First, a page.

My first driving lesson with the wonderful Cindy from the driving school was September 23rd of 2014. I hadn't told anyone--not my parents, neither of my brothers, none of my friends, not even Mike--that I was attempting to get my license, so no one knew--until yesterday! ♥--that any of this was happening. No pressure for me that way--or no additional pressure, I should say, and much less stress. I met Cindy in a neighborhood store's parking lot (after Mike had "safely" left for work), and she immediately had me sit in the driver's seat. That alone was sickeningly scary to me. To anyone walking past us as we sat inside this car in the store parking lot, it was just a student having a lesson with a driving school instructor. I knew, though, that I was terrified that I was going to die in a car accident during this first lesson and had actually written a goodbye letter to Mike and left it on our dining table for him. I was that scared. After reviewing the controls and features of her car, Cindy had me drive around the neighborhood to see how much I'd retained from 2002 and 2003. "You're doing beautifully," she encouraged me and added that it was clear that I'd retained a lot of what I'd learned with my dad twelve years prior. "Usually during a first session, the student's veering all over the road and stopping and starting really abruptly and the whole car's bucking and jerking. You're doing none of that." As in 2002 and 2003, though, my driving may have looked okay to the people in the car with me, but I myself felt nauseous with fear. "I feel like I'm going to cry," I confessed, and Cindy asked if I wanted to pull over. "You won't be the first student who's needed to stop and cry," she reassured me. I didn't stop and cry right then, though. I waited until I got home. :) And I forced myself out again for a second lesson that same week. I rewarded myself for those first two lessons with another bouquet of pink roses, and I scheduled another session for October.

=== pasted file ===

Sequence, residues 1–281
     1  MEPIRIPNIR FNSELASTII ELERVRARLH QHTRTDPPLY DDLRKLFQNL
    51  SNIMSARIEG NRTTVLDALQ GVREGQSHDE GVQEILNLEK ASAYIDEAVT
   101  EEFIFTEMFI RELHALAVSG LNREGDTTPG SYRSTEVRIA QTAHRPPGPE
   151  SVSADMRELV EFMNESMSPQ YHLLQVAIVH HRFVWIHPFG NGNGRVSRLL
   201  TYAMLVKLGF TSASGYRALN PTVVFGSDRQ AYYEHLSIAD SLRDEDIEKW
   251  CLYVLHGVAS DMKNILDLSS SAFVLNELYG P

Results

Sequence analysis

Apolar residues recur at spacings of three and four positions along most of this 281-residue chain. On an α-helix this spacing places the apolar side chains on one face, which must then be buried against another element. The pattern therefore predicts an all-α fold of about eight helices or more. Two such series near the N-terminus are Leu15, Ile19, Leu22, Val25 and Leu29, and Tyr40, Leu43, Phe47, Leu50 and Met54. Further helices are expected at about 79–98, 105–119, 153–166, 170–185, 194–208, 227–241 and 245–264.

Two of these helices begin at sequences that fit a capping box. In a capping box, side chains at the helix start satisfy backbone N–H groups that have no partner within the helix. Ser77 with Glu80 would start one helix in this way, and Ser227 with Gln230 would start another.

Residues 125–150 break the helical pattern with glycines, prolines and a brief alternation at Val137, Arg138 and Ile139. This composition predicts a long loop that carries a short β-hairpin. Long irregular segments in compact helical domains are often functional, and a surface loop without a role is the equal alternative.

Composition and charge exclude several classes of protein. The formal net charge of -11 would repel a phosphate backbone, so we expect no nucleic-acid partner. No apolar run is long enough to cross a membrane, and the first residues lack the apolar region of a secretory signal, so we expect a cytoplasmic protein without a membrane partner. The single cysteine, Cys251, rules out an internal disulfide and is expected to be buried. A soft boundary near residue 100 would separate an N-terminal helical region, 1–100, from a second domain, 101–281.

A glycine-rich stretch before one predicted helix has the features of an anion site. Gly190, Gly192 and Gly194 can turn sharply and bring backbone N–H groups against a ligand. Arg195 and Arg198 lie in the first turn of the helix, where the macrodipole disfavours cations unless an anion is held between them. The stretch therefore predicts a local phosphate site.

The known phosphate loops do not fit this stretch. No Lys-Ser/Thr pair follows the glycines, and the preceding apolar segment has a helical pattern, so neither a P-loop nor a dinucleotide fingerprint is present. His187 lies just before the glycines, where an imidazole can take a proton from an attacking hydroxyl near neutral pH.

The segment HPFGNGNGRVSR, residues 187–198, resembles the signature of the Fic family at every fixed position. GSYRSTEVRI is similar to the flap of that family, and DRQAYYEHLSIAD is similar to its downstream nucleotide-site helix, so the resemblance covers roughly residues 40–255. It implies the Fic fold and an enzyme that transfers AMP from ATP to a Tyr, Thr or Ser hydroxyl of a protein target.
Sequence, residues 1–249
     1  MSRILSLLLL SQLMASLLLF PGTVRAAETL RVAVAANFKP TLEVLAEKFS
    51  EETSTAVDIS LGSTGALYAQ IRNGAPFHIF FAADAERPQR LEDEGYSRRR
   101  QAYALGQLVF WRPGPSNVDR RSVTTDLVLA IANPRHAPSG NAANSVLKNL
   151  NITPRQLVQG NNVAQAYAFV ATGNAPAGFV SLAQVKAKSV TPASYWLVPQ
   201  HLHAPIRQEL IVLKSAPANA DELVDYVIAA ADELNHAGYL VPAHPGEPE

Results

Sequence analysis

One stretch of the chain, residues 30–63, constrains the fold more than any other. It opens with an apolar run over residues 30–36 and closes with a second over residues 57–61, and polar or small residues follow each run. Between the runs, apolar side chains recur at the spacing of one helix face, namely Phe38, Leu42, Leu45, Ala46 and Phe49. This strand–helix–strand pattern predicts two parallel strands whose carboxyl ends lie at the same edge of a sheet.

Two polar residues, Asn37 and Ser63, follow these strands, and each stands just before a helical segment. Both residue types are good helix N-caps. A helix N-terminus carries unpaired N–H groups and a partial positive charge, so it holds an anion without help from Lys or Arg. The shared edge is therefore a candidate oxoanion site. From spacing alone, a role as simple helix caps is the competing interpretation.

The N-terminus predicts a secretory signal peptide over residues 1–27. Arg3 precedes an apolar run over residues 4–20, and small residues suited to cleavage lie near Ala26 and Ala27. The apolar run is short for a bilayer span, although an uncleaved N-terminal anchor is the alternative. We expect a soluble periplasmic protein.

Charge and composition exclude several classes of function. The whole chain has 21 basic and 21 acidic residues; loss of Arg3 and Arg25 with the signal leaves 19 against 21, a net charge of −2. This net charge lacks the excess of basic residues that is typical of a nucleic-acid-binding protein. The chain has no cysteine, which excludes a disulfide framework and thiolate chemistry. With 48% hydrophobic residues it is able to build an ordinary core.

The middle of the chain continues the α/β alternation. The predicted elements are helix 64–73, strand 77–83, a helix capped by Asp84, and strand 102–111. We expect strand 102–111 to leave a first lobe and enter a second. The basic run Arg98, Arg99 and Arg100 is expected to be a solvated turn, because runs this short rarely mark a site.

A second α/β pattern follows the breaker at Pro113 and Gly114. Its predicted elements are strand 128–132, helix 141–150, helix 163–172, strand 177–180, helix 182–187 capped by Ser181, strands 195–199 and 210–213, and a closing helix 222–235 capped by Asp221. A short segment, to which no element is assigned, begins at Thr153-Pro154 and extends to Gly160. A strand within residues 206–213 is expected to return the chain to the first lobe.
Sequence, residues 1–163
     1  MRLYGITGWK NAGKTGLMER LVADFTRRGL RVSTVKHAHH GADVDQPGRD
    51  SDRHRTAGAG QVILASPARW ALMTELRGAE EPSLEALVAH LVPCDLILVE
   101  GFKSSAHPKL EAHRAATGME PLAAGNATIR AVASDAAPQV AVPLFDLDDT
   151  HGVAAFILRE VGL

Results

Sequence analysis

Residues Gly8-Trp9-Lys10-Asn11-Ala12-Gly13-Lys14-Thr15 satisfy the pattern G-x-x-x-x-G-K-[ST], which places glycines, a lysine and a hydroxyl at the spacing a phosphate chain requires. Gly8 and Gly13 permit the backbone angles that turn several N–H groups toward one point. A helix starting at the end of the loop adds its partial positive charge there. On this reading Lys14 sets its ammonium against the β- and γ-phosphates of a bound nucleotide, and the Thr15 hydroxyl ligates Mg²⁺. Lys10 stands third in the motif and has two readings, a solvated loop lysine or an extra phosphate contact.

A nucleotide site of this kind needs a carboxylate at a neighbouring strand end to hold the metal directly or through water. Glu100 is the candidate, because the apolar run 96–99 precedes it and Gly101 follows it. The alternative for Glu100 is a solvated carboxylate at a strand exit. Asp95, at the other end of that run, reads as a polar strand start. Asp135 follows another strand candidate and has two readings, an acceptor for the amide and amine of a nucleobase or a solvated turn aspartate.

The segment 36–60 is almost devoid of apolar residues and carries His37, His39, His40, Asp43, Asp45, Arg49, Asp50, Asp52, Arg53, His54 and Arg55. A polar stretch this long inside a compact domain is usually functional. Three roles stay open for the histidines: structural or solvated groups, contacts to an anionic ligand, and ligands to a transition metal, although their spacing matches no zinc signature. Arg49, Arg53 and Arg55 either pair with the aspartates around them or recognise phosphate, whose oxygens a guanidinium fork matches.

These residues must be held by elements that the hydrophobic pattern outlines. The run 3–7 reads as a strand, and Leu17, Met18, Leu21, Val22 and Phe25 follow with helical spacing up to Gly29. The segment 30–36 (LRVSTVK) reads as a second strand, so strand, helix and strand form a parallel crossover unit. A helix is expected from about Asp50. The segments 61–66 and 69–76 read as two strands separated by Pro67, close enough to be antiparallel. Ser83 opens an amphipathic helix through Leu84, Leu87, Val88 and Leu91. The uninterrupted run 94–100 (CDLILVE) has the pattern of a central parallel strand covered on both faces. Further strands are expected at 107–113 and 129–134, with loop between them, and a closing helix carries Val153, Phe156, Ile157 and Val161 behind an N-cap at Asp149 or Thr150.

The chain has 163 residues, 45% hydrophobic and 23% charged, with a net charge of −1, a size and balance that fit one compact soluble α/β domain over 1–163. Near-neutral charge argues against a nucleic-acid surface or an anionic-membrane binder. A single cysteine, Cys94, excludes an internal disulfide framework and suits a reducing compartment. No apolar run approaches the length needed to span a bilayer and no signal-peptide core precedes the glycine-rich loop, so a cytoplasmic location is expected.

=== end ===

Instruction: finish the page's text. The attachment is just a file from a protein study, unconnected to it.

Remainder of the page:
On Halloween, my third time out with Cindy, I drove on the parkway for the first time. I drove on the parkway! And drove in rain (and on wet leaves) for the first time. And through a restaurant drive-through for the first time. (Cindy wanted a diet Coke.) :) And drove through my first roundabout. All the cars in Cindy's driving school are equipped with accelerator and brakes on the instructor's/passenger's side too, and I think knowing that if I couldn't control the car, the instructor could, is one of the biggest factors in my success at learning to drive this time. With some of that specific fear finally removed, I was finally able to absorb what I was learning instead of going through the motions while really focused instead on the Oh-my-God-it-will-be-just-like-what-happened-to-Sommer-I'm-going-to-kill-someone-this-is-life-and-death-it-will-happen-again-because-of-me-this-time the way I had been in 2002 and 2003. "I've got you," Cindy would remind me. "I'm right here." When I returned home from that session Halloween afternoon, I wrote in my journal: "It started raining as I was getting ready to meet Cindy, which added to my anxiety--I was almost nauseous before this lesson--but now I'm glad it was raining because it makes me feel that much braver and that much more accomplished. Today changed things. I can picture myself really driving after today. It's going to happen this time, it really is." I ended that journal entry by doodling a driver's license cake,
and it would be a vision I would hold on to, some positive visualization of the celebratory cake I was determined to make the day I finally got my license. And after this lesson, I treated myself to a small china bowl with pink roses I found at Goodwill, a twist on the pink roses tradition for this turning point in the process.